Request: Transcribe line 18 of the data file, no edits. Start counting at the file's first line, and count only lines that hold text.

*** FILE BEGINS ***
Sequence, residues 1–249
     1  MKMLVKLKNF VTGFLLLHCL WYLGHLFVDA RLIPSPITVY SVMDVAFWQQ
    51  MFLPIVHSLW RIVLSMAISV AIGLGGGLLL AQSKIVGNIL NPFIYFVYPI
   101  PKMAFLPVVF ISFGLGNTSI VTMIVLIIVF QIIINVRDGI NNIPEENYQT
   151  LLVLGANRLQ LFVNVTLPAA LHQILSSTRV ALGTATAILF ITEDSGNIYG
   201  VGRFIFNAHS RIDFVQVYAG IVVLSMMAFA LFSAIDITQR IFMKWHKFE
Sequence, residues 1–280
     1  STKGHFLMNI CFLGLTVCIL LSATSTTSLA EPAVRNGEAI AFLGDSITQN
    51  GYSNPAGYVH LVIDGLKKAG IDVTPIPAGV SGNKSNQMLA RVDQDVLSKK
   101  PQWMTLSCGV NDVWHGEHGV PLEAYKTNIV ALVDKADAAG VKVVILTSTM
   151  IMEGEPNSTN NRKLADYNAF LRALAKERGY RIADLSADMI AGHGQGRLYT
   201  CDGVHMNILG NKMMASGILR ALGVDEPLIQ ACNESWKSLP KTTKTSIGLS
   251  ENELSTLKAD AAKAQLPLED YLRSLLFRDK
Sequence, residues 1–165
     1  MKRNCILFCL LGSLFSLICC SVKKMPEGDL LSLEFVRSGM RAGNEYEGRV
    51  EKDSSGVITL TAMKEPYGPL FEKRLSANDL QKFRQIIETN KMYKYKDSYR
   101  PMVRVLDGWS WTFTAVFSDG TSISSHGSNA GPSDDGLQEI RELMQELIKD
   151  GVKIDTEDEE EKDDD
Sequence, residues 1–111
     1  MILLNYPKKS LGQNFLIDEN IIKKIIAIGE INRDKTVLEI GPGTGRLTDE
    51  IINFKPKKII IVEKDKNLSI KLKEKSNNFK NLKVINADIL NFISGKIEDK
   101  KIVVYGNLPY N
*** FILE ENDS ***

   151  GVKIDTEDEE EKDDD